Timbersmart, the Auckland company that obtained a government “growth” grant it wasn’t entitled to for implementing a message exchange system, will not be asked to repay the $30,000 it has received to date from New Zealand Trade & Enterprise.
The company will instead be negotiating with NZTE to obtain funding for the messaging development under a different grant category.
“We are convinced it’s a worthwhile project,” says Timbersmart managing director Darryl Nicolson.
Industry NZ, since merged into the new NZTE entity, approved $100,000 for the project two years ago. This was being given out in stages depending on the attainment of milestones, but the grant was justified on the strength of cost savings rather than business growth, says NZTE. Hence the auditor-general, after a regular analysis of recent grants, judged that it did not fall within the guidelines of the grant scheme used.
Retail chain The Warehouse had grants for non-IT developments quashed as a result of the same review.
“It was our mistake,” says an NZTE spokeswoman, “so Timbersmart won’t have to pay back what it’s received.”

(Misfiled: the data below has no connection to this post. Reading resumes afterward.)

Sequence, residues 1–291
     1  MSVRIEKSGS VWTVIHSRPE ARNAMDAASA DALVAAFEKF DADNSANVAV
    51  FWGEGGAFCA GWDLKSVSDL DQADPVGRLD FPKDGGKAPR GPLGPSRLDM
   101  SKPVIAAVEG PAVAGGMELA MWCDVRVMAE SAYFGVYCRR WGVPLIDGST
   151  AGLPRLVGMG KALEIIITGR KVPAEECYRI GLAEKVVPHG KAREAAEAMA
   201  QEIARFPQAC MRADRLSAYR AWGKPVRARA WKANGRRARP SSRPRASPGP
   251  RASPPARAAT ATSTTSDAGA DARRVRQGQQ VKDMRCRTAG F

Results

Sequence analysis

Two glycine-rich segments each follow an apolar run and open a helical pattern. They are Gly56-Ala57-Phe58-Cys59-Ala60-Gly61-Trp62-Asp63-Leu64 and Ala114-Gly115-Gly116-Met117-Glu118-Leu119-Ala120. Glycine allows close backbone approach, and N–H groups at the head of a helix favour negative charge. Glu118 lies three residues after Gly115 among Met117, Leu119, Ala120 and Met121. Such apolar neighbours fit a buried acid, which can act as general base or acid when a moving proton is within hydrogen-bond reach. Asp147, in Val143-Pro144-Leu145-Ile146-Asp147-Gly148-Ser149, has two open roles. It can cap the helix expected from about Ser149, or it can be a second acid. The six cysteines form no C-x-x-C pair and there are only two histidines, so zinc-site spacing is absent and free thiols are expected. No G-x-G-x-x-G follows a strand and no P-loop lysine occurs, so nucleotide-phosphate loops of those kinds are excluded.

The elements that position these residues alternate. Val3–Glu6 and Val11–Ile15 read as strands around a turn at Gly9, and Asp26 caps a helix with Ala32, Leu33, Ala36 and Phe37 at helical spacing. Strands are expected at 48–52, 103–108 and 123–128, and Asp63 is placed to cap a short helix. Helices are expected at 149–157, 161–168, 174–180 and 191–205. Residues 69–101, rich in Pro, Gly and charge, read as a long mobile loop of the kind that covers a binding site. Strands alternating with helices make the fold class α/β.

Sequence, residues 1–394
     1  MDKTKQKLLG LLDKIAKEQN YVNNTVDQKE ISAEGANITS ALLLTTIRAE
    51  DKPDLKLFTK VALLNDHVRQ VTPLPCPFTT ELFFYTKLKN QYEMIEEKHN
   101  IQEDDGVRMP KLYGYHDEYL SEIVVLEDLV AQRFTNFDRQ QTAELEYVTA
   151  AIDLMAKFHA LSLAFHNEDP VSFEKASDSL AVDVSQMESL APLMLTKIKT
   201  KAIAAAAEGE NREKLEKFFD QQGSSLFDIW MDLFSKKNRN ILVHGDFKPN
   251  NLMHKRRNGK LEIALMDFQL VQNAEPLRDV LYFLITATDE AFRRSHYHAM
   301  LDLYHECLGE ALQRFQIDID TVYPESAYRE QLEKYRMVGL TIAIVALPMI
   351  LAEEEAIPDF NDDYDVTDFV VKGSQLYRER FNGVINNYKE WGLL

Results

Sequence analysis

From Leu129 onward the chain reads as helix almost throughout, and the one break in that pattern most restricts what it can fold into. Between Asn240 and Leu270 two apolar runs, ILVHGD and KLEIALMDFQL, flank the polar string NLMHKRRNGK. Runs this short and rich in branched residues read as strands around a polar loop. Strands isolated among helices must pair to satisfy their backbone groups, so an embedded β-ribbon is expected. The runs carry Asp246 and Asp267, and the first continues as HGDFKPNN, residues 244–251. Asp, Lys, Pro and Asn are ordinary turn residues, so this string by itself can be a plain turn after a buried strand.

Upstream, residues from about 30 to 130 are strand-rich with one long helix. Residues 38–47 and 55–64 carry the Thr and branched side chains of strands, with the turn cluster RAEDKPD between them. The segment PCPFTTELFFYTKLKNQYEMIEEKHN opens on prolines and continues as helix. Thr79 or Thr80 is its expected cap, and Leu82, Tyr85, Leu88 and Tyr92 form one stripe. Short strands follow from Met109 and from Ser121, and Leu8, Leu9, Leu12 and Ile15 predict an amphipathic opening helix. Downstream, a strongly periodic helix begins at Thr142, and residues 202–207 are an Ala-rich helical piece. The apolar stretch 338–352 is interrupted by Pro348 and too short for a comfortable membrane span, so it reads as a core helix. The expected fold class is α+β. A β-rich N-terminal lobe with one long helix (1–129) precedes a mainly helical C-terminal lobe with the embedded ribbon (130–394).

Nicolson is unsure the company has received as much as $30,000, but says there will be further negotiation with NZTE anyway.
The development, TimberXchange, aims to reconcile the different reference numbers that timber buyers and sellers use for certain lines of goods. The receiver of the message, usually a buyer, would previously have had to keep a list of equivalent supplier and buyer codes and manually re-key the numbers. TimberXchange can automatically translate the references and otherwise reformat to accommodate the message to the receiver’s system.
The basic system is working but specific links are needed from the users’ systems to TimberXchange, says Nicolson. Timbersmart hoped user fees would pay for this but there has been difficulty getting sufficient customers, particularly sellers, on to the system, since the benefit is a saving of work for the buyer. The seller’s experience is no different, apart from a possible increase in business in the longer term. Buyers, in turn, are sometimes unwilling to enter because they see themselves as facilitating a seller’s participation and hence benefiting others who buy from that seller — their competitors.
A grant to help develop the “ramps on to the bridge”, as Nicolson calls them, would help get the whole system to a critical mass of users.